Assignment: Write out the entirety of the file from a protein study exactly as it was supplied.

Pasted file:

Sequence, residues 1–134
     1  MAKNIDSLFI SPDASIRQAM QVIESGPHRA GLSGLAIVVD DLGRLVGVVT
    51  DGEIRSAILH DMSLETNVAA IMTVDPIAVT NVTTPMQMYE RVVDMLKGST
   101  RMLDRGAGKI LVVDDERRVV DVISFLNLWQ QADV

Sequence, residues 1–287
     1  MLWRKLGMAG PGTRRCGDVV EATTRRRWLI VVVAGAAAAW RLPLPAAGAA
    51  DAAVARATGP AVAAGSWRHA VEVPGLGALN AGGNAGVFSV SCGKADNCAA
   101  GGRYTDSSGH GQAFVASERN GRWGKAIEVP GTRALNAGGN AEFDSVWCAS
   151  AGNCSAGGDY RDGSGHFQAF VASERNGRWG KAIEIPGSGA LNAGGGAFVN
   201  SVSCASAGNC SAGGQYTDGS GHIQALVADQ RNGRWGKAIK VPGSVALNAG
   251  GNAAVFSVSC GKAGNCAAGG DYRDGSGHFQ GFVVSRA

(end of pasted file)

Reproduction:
Sequence, residues 1–134
     1  MAKNIDSLFI SPDASIRQAM QVIESGPHRA GLSGLAIVVD DLGRLVGVVT
    51  DGEIRSAILH DMSLETNVAA IMTVDPIAVT NVTTPMQMYE RVVDMLKGST
   101  RMLDRGAGKI LVVDDERRVV DVISFLNLWQ QADV

Sequence, residues 1–287
     1  MLWRKLGMAG PGTRRCGDVV EATTRRRWLI VVVAGAAAAW RLPLPAAGAA
    51  DAAVARATGP AVAAGSWRHA VEVPGLGALN AGGNAGVFSV SCGKADNCAA
   101  GGRYTDSSGH GQAFVASERN GRWGKAIEVP GTRALNAGGN AEFDSVWCAS
   151  AGNCSAGGDY RDGSGHFQAF VASERNGRWG KAIEIPGSGA LNAGGGAFVN
   201  SVSCASAGNC SAGGQYTDGS GHIQALVADQ RNGRWGKAIK VPGSVALNAG
   251  GNAAVFSVSC GKAGNCAAGG DYRDGSGHFQ GFVVSRA